Hi, I have a quick question concerning the calculation of the constant when calculating the posterior. When getting 7 heads out of 10 tosses, why P_X((1,1,1,1,1,1,1,0,0,0)) is 11!/7!3! rather than 10!/7!3!? Similarly, after 5 more tosses with 3 more heads, the constant is said to be 16!/10!5! rather than 15!/10!5!. Please help me figure this out, thanks!

The expression in the note is correct because the normalizing constant for that beta distribution is B(8, 4) = 7!3!/11!. See video The Beta distribution in 12 minutes! in Serrano.Academy: https://youtu.be/juF3r12nM5A?si=D9kMEX9JMidMg-Gt.

In the case of the example for continuous parameter and continuous data, in the section called â€śContinuing the exampleâ€ť, after grouping the exponents it is shown that the exponents are (theta, 1 - theta) = (10, 5). This implies a beta distribution with normalizing constant B(10 + 1, 5 + 1) = B(11, 6) = 10!5!/16! (using Gamma function). See: 1) Beta distribution - Wikipedia, and, 2) Gamma function - Wikipedia.

@acamachodepass linked video simply mentions Beta distribution but doesnâ€™t explain whatâ€™s behind B(a+1,b+1) notation (just mentions itâ€™s the area).

So in the end it doesnâ€™t explain why pX((1,1,1,1,1,1,1,0,0,0)) is substituted by â€ś7!3!/11!â€ť ?

Notation for beta is B(a+1,b+1), and in this reading we have â€śa!b!/(a+b+1)!â€ť, itâ€™s totally not clear what lead to that.

Iâ€™ve asked also ChatGPT4 (which ofc may not be correct and hallucinate), and first it stated there must be an error in article, but when I pushed that â€śBetaâ€ť distribution is most likely involved, then it still remained sceptical:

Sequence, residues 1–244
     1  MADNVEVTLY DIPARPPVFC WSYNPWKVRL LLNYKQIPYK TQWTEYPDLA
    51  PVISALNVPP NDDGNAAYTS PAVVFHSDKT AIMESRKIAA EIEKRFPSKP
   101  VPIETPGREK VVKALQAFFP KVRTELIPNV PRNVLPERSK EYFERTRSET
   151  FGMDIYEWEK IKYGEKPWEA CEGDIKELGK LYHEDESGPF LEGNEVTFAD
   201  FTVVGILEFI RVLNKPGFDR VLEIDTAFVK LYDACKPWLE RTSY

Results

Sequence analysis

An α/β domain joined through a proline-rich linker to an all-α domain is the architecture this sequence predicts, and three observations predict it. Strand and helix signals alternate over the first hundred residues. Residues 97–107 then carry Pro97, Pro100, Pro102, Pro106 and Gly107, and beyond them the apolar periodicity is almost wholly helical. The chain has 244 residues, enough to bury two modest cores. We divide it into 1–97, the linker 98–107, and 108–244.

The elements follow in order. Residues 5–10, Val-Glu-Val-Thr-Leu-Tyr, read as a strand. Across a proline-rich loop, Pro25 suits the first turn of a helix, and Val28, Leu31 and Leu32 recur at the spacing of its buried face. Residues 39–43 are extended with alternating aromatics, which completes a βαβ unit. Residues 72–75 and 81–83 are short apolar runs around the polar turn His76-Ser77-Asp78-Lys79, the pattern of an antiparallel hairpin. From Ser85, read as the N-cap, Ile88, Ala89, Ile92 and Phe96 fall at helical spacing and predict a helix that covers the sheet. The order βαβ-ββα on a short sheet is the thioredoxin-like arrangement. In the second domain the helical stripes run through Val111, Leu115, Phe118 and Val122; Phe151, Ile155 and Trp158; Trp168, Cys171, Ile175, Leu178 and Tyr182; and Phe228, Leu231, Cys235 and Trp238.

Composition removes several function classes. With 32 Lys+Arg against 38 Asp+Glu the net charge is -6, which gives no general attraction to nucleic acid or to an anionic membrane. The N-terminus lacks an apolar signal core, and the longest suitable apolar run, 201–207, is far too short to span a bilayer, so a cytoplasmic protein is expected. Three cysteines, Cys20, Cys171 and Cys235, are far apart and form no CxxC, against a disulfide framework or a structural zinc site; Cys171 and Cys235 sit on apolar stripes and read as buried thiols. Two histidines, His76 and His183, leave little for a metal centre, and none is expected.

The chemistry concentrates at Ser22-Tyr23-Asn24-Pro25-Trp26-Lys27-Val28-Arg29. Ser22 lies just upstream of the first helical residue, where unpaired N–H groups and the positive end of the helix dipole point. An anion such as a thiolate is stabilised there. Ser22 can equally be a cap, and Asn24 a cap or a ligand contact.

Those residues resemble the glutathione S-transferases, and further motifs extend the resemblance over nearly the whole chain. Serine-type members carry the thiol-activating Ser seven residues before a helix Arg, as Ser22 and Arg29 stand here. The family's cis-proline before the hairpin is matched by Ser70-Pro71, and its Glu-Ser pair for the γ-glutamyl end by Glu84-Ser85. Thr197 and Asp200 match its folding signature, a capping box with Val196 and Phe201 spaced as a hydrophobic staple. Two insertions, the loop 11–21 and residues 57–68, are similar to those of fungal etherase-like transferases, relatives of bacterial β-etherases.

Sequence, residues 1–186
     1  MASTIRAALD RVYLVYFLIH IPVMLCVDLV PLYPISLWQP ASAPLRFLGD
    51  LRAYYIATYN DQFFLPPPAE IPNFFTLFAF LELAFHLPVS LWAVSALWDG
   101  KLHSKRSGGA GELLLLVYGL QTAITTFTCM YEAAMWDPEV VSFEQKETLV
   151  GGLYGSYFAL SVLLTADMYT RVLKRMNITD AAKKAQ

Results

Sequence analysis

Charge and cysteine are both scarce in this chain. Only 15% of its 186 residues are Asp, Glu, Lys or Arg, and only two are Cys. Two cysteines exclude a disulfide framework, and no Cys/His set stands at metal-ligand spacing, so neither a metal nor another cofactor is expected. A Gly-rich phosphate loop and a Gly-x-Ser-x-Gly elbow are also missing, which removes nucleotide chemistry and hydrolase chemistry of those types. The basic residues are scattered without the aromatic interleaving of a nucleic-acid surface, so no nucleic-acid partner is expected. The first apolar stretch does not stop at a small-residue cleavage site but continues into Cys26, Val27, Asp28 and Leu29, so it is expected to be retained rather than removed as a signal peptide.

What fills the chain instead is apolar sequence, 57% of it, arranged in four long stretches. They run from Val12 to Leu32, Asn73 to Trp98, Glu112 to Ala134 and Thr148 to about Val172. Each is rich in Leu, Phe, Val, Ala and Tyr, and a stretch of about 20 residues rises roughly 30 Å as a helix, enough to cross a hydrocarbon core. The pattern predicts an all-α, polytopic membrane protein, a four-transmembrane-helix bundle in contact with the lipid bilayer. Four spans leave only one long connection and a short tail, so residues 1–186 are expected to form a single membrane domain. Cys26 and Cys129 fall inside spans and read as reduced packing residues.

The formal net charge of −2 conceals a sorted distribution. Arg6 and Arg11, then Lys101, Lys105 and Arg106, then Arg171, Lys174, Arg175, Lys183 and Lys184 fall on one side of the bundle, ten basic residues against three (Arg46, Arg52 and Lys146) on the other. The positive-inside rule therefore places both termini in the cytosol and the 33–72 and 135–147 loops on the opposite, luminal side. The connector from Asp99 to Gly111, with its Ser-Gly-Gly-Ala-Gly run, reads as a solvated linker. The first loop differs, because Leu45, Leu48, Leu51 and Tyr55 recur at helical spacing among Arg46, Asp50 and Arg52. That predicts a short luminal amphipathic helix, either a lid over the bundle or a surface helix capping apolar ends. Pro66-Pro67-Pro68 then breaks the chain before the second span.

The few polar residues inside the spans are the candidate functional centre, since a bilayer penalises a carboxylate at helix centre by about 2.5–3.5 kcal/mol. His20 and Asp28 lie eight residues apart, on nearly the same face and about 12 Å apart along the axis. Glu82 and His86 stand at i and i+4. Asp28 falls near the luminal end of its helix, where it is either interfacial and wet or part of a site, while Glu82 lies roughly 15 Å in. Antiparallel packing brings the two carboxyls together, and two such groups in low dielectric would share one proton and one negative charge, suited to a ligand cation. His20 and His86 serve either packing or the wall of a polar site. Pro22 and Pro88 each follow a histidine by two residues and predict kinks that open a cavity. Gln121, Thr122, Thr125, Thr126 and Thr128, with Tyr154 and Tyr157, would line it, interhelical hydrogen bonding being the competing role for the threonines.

When thinking about the normalizing constant, you can think of it like accounting for every possible outcome that could happen (in other words, whatâ€™s the probability we saw the data regardless?). In the previous case when the prior and the data was discrete, we only had 2 possible options.

Either we picked the the fair coin with probability .75 AND we got 7 heads and 3 tails, OR we picked the biased coin with probability .25 AND got 7 heads and 3 tails. Our normalizing constant in this case would then be

Now for our current problem, we have infinitely many options for p (or theta). Our p_X(x) would begin to look something like

p_X(x) = .01^7(1-0.01)^3 + .02^7(1-0.02)^3 .03^7(1-0.03)^3 + .04^7(1-0.04)^3 + infinitely many more of these values for theta

Now when we see infinite sums we can start thinking about integrals. The integral of this would be

Integral from 0 to 1 for Î¸^7(1-Î¸)^3 dÎ¸

This gives us 1/1320 which is 7!3!/11!

I donâ€™t know the exact reason or strategy used to get these factorials, but this should give us the same solution. So these numbers are NOT incorrect if I am thinking about this correctly.